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BU Bioinformatics Professor Daniel Segrè Elected AAAS Fellow

Daniel Segrè: Using Microbes to Improve Health, Fight Climate Change

Your body is full of little colonies of microbes—some working in your favor, helping you digest food and fight off disease; some working against you, contributing to obesity or diabetes. The communities they form are known as microbiomes, and they exist just about everywhere on Earth—in plants, animals, rivers, the atmosphere.

Segrè, a CAS and Faculty of Computing & Data Sciences professor of biology, bioinformatics, biomedical engineering, and physics was honored by AAAS for his contributions to studying and decoding these microbial ecosystems—and for testing ways to shape them to improve human and environmental health.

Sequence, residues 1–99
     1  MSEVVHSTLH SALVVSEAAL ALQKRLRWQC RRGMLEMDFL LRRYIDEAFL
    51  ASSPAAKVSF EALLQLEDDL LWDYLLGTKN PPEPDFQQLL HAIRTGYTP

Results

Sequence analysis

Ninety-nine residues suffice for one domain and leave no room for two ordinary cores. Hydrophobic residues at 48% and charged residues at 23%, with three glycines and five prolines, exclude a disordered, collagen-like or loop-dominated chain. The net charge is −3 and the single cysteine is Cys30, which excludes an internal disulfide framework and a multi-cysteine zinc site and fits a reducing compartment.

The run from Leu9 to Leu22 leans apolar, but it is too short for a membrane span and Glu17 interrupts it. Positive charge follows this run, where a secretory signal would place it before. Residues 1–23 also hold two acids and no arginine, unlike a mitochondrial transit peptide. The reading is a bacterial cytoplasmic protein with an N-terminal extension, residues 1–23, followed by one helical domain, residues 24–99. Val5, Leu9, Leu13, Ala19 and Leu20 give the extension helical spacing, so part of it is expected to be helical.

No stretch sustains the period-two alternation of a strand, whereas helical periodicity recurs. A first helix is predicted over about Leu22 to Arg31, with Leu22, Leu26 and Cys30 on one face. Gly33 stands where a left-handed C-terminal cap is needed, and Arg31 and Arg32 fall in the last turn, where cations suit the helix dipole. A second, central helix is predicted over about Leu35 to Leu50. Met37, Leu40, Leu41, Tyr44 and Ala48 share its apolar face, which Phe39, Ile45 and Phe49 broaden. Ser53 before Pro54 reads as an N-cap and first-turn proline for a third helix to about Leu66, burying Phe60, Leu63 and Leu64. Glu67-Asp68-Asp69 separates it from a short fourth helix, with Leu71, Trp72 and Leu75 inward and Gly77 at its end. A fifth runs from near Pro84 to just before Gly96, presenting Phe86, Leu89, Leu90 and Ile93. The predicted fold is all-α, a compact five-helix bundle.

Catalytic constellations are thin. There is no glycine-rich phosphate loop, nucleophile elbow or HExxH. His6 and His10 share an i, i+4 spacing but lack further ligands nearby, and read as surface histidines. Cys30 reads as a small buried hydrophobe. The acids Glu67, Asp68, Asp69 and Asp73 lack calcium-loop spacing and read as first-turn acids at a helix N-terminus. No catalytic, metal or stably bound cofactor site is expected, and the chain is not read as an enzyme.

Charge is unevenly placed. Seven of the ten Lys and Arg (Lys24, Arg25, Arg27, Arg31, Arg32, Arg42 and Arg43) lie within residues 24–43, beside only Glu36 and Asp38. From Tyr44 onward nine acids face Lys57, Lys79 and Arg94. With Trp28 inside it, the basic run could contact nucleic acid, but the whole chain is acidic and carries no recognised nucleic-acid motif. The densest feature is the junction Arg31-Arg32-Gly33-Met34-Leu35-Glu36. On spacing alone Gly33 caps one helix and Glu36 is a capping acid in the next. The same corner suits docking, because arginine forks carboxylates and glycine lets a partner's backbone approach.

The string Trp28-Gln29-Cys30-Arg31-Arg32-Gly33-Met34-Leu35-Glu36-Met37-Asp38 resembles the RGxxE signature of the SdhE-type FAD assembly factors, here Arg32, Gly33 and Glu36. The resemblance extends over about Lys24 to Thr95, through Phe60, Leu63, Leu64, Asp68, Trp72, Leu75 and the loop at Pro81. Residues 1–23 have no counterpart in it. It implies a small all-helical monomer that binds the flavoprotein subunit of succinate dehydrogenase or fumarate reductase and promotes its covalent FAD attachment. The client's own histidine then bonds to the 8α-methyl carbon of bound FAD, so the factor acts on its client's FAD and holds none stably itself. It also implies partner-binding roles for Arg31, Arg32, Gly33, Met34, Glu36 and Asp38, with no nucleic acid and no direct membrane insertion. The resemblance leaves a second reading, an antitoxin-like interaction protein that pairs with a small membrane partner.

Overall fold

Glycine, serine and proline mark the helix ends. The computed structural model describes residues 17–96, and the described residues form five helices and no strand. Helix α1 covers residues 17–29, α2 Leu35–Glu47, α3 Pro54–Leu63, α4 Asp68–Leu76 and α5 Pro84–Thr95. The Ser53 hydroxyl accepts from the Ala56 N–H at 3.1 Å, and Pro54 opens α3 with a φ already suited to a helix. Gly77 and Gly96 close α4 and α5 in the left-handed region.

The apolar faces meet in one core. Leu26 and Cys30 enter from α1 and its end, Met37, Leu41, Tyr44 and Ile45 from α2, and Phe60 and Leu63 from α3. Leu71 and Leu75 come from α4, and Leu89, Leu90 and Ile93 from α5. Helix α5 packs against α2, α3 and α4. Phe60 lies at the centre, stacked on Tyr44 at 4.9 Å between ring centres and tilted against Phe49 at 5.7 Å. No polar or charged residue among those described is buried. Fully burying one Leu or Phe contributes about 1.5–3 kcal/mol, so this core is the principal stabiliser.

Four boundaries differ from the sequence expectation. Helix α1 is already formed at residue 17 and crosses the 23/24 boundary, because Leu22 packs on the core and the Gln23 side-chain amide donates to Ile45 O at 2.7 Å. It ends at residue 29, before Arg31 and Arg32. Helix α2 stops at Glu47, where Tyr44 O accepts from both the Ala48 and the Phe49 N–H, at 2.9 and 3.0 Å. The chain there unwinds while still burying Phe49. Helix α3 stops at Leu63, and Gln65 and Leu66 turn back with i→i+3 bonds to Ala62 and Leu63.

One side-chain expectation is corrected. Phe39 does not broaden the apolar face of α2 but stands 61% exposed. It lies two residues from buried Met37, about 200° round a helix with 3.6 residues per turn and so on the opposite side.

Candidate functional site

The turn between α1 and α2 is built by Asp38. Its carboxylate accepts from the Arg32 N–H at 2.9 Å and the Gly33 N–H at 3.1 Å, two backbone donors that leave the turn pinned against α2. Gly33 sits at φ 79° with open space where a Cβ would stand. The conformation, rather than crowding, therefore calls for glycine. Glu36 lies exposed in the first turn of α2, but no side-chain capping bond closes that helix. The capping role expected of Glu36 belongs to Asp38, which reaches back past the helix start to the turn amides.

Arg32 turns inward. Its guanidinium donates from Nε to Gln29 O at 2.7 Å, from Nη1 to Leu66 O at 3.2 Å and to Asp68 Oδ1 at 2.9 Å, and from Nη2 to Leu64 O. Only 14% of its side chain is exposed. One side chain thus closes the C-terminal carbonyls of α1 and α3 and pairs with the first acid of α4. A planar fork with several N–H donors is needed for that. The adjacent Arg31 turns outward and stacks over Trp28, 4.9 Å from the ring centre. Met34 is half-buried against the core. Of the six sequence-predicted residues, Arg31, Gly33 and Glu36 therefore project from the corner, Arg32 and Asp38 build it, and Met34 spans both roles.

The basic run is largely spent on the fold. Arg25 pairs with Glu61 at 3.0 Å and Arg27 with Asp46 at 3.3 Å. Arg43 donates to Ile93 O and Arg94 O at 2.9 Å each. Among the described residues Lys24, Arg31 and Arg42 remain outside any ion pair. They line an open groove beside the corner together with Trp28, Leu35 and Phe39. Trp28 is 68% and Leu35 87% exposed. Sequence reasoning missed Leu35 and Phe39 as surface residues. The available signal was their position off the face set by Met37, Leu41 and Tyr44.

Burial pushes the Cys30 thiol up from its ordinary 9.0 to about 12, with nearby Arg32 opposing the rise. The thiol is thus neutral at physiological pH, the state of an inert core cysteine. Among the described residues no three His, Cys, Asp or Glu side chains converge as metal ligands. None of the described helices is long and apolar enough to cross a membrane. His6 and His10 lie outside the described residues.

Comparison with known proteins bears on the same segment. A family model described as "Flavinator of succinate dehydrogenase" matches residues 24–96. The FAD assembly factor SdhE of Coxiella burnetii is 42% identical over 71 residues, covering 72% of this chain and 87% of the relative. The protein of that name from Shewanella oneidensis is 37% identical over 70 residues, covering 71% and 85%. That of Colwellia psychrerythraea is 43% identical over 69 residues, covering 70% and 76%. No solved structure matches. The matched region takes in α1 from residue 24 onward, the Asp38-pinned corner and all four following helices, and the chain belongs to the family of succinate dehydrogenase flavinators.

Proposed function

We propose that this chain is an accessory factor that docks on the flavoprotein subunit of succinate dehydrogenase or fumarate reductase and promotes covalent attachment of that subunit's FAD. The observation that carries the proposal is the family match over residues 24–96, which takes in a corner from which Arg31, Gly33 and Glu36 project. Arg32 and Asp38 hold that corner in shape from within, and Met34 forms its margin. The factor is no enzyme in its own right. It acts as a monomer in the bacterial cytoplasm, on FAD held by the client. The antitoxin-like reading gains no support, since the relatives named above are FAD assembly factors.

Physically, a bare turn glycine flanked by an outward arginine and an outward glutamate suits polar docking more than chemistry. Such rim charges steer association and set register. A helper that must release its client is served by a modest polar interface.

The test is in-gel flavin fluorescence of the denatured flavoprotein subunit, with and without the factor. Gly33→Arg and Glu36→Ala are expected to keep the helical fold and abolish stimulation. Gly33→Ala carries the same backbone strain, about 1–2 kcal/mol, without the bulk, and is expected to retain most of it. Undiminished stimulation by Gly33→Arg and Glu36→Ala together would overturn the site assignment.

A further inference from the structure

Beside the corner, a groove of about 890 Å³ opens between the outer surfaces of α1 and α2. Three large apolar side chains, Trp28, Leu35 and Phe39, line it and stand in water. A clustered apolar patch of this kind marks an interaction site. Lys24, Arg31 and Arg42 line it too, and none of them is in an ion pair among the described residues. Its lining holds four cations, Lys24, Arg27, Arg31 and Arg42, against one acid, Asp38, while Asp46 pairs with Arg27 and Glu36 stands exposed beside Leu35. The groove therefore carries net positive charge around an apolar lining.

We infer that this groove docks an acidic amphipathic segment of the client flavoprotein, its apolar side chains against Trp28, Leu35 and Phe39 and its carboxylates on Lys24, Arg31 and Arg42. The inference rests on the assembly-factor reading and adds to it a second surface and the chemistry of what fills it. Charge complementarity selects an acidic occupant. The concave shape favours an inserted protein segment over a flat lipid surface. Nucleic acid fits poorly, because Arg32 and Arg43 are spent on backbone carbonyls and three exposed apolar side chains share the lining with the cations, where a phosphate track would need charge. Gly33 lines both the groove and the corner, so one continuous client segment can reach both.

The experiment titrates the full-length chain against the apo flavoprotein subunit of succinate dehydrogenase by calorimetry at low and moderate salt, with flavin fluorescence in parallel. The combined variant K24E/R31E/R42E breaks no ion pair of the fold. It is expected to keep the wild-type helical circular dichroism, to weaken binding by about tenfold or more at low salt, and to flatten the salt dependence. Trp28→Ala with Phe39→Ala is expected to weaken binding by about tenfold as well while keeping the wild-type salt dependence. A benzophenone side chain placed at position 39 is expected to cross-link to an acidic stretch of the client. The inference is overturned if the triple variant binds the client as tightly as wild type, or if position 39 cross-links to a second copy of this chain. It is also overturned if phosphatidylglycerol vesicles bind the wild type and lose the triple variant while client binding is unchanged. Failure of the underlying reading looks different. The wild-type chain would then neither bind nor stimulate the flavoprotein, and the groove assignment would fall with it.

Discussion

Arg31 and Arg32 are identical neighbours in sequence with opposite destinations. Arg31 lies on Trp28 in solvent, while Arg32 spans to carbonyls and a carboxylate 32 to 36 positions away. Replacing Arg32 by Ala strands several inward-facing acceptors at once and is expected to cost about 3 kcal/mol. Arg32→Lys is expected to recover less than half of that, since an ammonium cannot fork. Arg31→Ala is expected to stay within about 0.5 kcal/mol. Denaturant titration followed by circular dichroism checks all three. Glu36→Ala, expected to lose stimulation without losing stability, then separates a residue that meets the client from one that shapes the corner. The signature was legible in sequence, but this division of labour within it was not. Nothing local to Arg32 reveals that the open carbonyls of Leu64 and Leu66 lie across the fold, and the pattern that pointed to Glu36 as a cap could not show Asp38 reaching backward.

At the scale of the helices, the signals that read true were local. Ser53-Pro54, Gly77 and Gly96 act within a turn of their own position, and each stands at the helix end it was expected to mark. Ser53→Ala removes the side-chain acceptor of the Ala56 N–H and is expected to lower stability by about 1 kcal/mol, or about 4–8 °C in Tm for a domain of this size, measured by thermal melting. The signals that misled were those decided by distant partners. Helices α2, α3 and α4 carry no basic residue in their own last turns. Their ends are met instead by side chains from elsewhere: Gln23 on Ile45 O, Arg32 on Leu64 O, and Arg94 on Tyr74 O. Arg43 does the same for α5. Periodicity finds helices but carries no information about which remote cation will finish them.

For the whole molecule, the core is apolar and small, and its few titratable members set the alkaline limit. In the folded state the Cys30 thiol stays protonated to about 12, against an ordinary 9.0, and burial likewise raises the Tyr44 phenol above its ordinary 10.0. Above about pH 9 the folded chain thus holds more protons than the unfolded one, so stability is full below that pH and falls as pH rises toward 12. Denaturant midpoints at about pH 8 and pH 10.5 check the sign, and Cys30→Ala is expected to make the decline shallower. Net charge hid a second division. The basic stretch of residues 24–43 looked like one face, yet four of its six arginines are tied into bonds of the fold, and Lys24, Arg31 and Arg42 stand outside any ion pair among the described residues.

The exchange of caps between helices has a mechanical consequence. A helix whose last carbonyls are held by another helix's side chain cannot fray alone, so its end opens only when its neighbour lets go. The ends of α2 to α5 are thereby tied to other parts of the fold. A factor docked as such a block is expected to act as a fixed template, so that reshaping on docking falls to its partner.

“A lot of our work is aimed at understanding how these communities function,” says Segrè, who founded the cross-disciplinary BU Microbiome Initiative, “and whether we can predict them using mathematical models and computer simulations, which would help us modify them or design new ones from scratch.”

By researching microbial metabolism—the chemical reactions that help these microscopic organisms spark into life and generate energy—Segrè hopes to map the “specific combinations of bacteria or metabolic functions in the human microbiome that are good for us and understand how to steer microbiomes toward stable health-promoting states, for example by tweaking available nutrients.” He says the same approach could also be used to benefit the environment, perhaps by helping microbes associated with plants better lock away CO2. 


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